The world has crossed the grim milestone of 1.5 million coronavirus deaths amid the wait for the distribution of vaccines.
The global coronavirus deaths were 1,524, 457 as of Saturday morning, according to worldometer.info.
That figure includes over 285,000 deaths recorded in the United States, which has lost more people to COVID-19 than any other country.
The US has recorded more than twice the number of deaths recorded by India, the next most impacted country which has reported about 139, 000 deaths.
Total global infections also crossed 66 million, with 66,230,912 cases reported as of Saturday morning, according to the worldometer.info data.
Worst still, health experts say there are likely far more cases out there that have not been confirmed.
The World Health Organization (WHO) had warned that the death toll could hit two million before an effective vaccine is widely used.
Meanwhile, over 45 million of the infected people have recovered after treatment.
The world recorded 1.5 million deaths within six months of the disease, rising sharply from the 3,000 total in early March.
The death tally reached 20,000 in late March and passed half a million on June 28. About 20 days later, 100,000 more deaths were recorded and on September 27, the toll reached the million threshold.
The U.S. reported approximately 5,000 deaths each week, according to Reuters.
The U.S. posted an all-time high of more than 210,000 new cases Thursday evening, and more than 2,900 deaths, according to Johns Hopkins University.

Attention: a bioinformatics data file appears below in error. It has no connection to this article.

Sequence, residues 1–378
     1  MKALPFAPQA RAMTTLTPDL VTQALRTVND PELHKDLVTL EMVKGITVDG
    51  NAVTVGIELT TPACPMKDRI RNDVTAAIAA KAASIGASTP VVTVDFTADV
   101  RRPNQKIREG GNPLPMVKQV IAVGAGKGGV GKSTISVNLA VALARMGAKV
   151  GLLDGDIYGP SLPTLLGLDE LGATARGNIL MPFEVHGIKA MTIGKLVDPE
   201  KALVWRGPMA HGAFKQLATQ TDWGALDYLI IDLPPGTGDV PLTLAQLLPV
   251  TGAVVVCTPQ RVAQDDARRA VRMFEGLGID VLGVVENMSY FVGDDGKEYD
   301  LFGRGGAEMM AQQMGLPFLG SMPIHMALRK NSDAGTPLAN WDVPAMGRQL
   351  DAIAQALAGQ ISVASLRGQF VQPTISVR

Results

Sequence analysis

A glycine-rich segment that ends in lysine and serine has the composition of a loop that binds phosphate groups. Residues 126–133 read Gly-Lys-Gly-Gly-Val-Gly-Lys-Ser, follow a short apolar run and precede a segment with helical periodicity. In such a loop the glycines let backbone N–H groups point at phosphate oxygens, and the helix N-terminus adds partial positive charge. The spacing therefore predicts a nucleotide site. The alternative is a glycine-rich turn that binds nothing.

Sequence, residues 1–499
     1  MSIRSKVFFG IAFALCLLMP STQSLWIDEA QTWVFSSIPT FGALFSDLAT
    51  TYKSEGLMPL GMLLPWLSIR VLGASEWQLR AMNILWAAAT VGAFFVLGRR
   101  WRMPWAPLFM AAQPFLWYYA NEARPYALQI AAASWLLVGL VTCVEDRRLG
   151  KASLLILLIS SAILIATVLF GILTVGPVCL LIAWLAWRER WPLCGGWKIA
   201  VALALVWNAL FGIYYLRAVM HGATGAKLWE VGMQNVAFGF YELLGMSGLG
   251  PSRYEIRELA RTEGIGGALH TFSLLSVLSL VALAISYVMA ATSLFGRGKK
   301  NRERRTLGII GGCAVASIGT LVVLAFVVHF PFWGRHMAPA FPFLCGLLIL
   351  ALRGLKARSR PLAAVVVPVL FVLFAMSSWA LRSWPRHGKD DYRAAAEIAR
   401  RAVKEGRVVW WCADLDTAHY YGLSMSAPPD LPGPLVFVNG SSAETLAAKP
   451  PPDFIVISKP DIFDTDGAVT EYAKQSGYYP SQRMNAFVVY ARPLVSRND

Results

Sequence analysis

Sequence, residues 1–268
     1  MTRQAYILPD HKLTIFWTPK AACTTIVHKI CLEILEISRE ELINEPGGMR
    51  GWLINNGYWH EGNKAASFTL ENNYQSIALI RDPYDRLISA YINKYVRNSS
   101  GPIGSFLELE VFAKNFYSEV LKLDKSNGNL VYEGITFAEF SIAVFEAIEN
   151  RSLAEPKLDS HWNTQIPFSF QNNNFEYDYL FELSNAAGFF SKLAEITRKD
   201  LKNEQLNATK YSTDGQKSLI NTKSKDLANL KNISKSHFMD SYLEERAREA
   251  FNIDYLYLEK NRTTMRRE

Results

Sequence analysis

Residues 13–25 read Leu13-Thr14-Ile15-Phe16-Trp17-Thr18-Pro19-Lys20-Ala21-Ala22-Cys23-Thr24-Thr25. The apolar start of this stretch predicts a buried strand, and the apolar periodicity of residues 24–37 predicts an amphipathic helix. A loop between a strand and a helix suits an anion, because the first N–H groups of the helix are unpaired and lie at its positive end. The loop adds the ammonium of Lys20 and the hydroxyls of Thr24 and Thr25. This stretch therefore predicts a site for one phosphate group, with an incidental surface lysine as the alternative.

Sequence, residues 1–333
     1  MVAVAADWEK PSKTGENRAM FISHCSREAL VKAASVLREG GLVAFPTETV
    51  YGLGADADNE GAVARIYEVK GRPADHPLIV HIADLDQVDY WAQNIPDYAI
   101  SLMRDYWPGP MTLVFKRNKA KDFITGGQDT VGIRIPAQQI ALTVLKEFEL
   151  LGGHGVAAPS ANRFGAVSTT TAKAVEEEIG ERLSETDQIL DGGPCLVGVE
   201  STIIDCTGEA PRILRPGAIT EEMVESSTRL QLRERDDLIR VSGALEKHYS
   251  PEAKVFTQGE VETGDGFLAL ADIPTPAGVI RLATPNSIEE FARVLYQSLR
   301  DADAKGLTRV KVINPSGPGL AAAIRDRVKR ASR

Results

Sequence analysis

Italy registered 993 deaths also on Thursday, topping its previous record of 969 earlier in the year when it was the first European country to be heavily affected by the pandemic.
Meanwhile, the true number of infections and fatalities could be far higher, giving the varied ways in which countries conduct tests and report COVID-19, the CNN reported.
The Americas still account for more than half of all fatalities worldwide owing to high death counts in Mexico, Brazil, Argentina and Colombia.
More than 52,000 people have died from the disease in Africa since Egypt became the first country in the continent to confirm a coronavirus case about 10 months ago, data from the Africa Centers for Disease Control and Prevention (Africa CDC) revealed.
The victims include the former president of the Republic of the Congo, Jacques Joachim Yhombi-Opango; Somalia’s former prime minister Nur Hassan Hussein and Nigerian President Muhammadu Buhari’s chief of staff, Abba Kyari.
More than 2.2 million infections have been found in the continent of over a billion people thus far.
WHO officials said the statistics are likely to significantly underestimate the true number of cases in Africa, raising concerns that African countries were not conducting enough tests.
Nigeria, Africa’s most populous nation, has reported over 68,000 infections and over a thousand deaths but has tested less than a million people.
There is hope in the treatment of the virus though as at least three vaccines have been proven to be over 90 per cent effective against it.
Newsmen reported how the UK, on Wednesday, became the first country to approve the use of the Pfizer COVID-19 vaccine which has been proven to be 95 per cent effective.
In Nigeria, the Director-General of Nigeria Centre for Disease Control (NCDC), Chikwe Ihekweazu, had said efforts are being made to ensure that Nigerians have access to the COVID-19 vaccines when available.
“We have to start preparing Nigerian population for vaccine delivery when it becomes available,” he said.
“Access is a very key issue when it comes to vaccines; that a vaccine is developed does not necessarily translate to being available to those that need it the most.”
The Nigerian government has also inaugurated an 18-member national COVID-19 task team to ensure “vaccine security” when it finally gets to the country.